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Diabetes mellitus type 1 in Child
Other Resources UpToDate PubMed

Diabetes mellitus type 1 in Child

Contributors: David Brodell MD, Paritosh Prasad MD, Eric Ingerowski MD, FAAP
Other Resources UpToDate PubMed


Type 1 diabetes mellitus (T1DM) is a chronic disease of insulin deficiency resulting in hyperglycemia. In the vast majority of cases, insulin deficiency follows immune-mediated destruction of pancreatic beta cells, resulting in underproduction of insulin and subsequent hyperglycemia. It most commonly presents in childhood (5-7 years of age) or adolescence but can present at any age. Of note, a significant number of cases of T1DM are diagnosed in adults. Diabetes manifests only after the destruction of a majority of pancreatic beta cells.

Patients with clinical T1DM often present with hyperglycemia, polyuria, and polydipsia as well as possible weight loss, fatigue, nocturnal enuresis, and blurry vision. Patients may show signs of a concurrent infectious illness such as a cough, fever, or other symptoms. T1DM patients may present with diabetic ketoacidosis (DKA), a state of severe dehydration and acidemia due to insulin deficiency. Symptoms include abdominal pain, nausea, emesis, inattention, confusion, and even coma in the setting of hyperglycemia and elevated anion gap. DKA is often associated with compensatory hyperventilation (Kussmaul respiration) in the setting of primary metabolic acidosis, with a fruity breath odor resulting from ketones created by fat breakdown.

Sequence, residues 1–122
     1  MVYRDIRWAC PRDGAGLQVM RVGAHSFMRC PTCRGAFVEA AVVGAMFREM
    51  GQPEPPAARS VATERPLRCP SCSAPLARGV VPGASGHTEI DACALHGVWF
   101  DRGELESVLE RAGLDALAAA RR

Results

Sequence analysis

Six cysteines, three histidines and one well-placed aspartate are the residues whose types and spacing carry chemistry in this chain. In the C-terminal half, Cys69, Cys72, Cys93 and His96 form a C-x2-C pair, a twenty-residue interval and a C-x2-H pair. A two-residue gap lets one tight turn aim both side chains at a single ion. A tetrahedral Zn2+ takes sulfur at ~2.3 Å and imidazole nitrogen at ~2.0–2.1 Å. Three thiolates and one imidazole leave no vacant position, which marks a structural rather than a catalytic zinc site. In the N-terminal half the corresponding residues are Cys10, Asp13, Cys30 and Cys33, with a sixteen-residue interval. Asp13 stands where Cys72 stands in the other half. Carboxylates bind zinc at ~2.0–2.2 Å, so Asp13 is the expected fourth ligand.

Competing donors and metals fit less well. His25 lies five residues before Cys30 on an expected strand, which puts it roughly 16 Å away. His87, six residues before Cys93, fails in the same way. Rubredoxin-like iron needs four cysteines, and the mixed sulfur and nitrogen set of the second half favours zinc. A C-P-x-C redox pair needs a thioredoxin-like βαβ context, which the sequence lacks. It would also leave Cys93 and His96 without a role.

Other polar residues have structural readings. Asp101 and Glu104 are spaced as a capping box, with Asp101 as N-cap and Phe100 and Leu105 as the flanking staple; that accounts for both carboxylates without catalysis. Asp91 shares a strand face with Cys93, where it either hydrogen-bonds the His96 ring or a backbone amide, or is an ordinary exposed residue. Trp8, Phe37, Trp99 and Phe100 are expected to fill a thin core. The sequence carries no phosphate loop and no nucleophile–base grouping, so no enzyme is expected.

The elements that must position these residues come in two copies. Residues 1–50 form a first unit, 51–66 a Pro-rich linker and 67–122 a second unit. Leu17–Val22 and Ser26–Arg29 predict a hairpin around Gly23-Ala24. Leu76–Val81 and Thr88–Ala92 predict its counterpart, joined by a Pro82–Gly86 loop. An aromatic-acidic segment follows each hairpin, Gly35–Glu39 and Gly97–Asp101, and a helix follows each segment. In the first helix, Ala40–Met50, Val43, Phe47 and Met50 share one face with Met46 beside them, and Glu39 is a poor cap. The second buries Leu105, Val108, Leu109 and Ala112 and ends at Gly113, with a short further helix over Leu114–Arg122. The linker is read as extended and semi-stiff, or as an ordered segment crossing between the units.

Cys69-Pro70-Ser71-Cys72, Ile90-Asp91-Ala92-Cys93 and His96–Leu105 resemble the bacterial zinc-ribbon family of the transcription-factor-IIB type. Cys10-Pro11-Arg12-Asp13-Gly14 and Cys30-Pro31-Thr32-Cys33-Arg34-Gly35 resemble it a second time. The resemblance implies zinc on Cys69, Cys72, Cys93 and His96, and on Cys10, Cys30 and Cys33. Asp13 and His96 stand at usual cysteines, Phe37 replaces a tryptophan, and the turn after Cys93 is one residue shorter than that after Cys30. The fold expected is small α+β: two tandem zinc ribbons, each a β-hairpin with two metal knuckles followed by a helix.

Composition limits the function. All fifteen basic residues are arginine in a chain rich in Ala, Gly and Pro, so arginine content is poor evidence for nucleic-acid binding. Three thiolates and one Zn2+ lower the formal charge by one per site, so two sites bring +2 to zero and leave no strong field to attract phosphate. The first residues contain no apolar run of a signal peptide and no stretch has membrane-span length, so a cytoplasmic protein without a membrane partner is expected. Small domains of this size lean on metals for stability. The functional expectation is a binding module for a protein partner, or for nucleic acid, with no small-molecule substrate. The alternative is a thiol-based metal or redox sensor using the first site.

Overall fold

The pathogenesis appears to be rooted in a genetic component that interacts with an environmental insult in most cases. The incidence of T1DM has been increasing in the United States over the last several decades, with 2-3 new cases per 10 000 person years. There have been several reports about increased incidence of T1DM following acute COVID-19 infections.

Genetic risks (HLA haplotype and other identified genes) for T1DM account for almost 40%-50% of cases. The anti-CD3 monoclonal antibody teplizumab-mzwv is approved by the US Food and Drug Administration (FDA) to delay the onset of clinical T1DM for genetic high-risk patients aged 8 years and older.

Related topics: bullosis diabeticorum, diabetes mellitus type 2, diabetic dermopathy, diabetic hyperosmolar syndrome, diabetic nephropathy, diabetic neuropathy, diabetic retinopathy, diabetic vulvitis, maturity-onset diabetes of the young (MODY), neurogenic ulcer


E10.9 – Type 1 diabetes mellitus without complications

46635009 – Diabetes Mellitus Type I

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Last Reviewed:02/09/2022
Last Updated:01/02/2023
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Diabetes mellitus type 1 in Child
A medical illustration showing key findings of Diabetes mellitus type 1 : Blurred vision, Fatigue, Dehydration, Hyperglycemia, Polyuria, Peripheral neuropathy, Polydipsia, Nocturia
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